If you are of a certain vintage and grew up in Orillia, Rusty Draper’s voice is likely as familiar and welcoming as a hot cup of tea on a cold winter’s night.
Draper was the “morning man” on the city’s local radio station, CFOR, for many years; his voice and on-air personality helped define life in the Sunshine City for many.
Because he provided the soundtrack for mornings in Orillia, decades later many still parrot back to him his trademark daily signoff: “Put the kettle on honey. I’m coming home.”
That’s also the apt title of his new memoir - a 218-page book of homespun stories that mixes equal parts history, humility and humour to provide insight into not only one of Orillia’s most popular personalities but the broadcast industry, the region and its characters.
In the book’s “forward,” Jack Latimer, another local broadcasting legend, thanked Draper for giving him a start in radio and pointed out the book was originally intended solely for family and friends.
But when word about the book got out, many people expressed interest in it.
“The truth is, thousands of people feel Rusty is their friend and many have never met him,” said Latimer.
And that’s because Draper “poured his heart into every morning radio show he did and became like a family member to total strangers.”
Draper admits to being “absolutely amazed” at the response to his “little book intended for my grandkids.”
He has had to go back to the printer three times already to order more copies of his popular self-published tale.
The project grew out of Draper’s frustration over how little he knew about his own forefathers. So, he decided he would do what he does best as a self-described raconteur - provide “the next generation” of the family with the stories that helped shape him and his life.
And what a life.
“I’ve lived a very interesting life,” understated Draper, with a smile that is quick and sincere and speaks to the way he approaches life.
In his book, he uses his trademark self-deprecating humour to regale readers about his memorable meeting with boxing phenom Archie Moore, about hitchhiking out west, about travelling to Nashville on a whim and brazenly interviewing Johnny Cash, about an ill-conceived parachute stunt and many other stories from a colourful past.
It’s a journey that would be almost impossible today. He recalls failing several grades before turning his back on formal education in Grade 10.
While he quit school, he didn’t leave; he became a janitor at the same school, instead. As he swept the halls, he dreamed of being on the radio, so he took a correspondence course in radio and TV.
Screwing up his courage, in 1966, he went to an interview for a job at CKAR Radio in Huntsville.
He didn’t realize it at that time, but the station was looking for a “newsman” to deliver the newscasts.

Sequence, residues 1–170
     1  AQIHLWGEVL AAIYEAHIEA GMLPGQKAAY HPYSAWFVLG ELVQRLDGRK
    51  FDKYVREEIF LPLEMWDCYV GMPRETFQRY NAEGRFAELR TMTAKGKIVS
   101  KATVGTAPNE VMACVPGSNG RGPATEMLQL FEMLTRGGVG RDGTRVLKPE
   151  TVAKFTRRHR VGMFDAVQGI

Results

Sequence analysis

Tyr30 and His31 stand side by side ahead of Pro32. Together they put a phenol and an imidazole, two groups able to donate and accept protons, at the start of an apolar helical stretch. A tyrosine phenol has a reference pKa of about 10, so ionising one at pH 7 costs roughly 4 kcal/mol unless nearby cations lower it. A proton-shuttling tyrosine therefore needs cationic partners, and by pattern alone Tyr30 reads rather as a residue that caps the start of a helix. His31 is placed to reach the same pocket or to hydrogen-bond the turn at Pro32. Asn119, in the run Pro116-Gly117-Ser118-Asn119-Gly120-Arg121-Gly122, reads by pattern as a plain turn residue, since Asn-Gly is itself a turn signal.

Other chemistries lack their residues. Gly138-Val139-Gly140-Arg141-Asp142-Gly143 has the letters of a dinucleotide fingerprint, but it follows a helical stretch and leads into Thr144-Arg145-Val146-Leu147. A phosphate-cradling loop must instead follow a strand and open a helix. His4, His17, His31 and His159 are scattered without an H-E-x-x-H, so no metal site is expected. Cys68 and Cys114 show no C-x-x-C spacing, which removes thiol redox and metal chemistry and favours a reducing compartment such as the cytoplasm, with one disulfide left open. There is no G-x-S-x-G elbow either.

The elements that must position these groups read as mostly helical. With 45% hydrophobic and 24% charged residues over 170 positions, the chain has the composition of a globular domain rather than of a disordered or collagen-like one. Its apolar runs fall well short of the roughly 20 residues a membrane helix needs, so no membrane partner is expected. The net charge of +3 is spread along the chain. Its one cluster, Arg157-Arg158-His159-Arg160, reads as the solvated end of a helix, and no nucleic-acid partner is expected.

The problem was Rusty was dyslexic, although his difficulty reading and writing had no such label in the 1960s.
He memorized every word of every story of the newscast until he could get it right. “The guy who couldn’t read” won the job, he jokes years later.
But he was not good at it. Three weeks later, he was fired. But his boss, George Young, said he liked Draper’s “ad-libbing” and offered him his own show.
He never looked back, finding a niche that would take him from Huntsville to Niagara Falls and Orillia before returning to Muskoka, where he finished his career.
Along the way, he and his wife, Pat, had two kids, later grandchildren, and always found joy “in the simple things.”
The book is full of tales about hijinks at CFOR that included live on-location broadcasts that didn't always go as planned, on-air weddings and stunts that many people will likely remember.
But it’s not all fun and games. At times, he admits in the book, he struggled with alcoholism as his grandfather had before him.
He also reveals how he became a man of faith, accepting Jesus in a Florida hotel room, alone, and, perhaps, a little tipsy. Little did he know that his wife, at almost the exact same moment, had almost the exact same epiphany while in Cuba.
After that, the two began to live out their Christian testimony. Rusty never drank again.
Eventually, Draper decided to leave radio and devote his time to evangelism - a career change that took he and his wife to Russia, Vietnam, India, Ethiopia and many other places.
Along the way, he had the good fortune of meeting Mother Teresa - just two months before her death.
But he always found his way back to this area and to Orillia, where he still lives. These days, he’s attempting to master Zoom and stay connected with the friends he’s made around the globe.
“I have been lucky to have a most interesting life with a lot of amazing experiences,” says Draper, 74.Draper jokes he’s not only the book’s author, but he’s the marketing and sales team as well. So, if you’d like to order a book, which costs $21 (tax included), email: email@example.com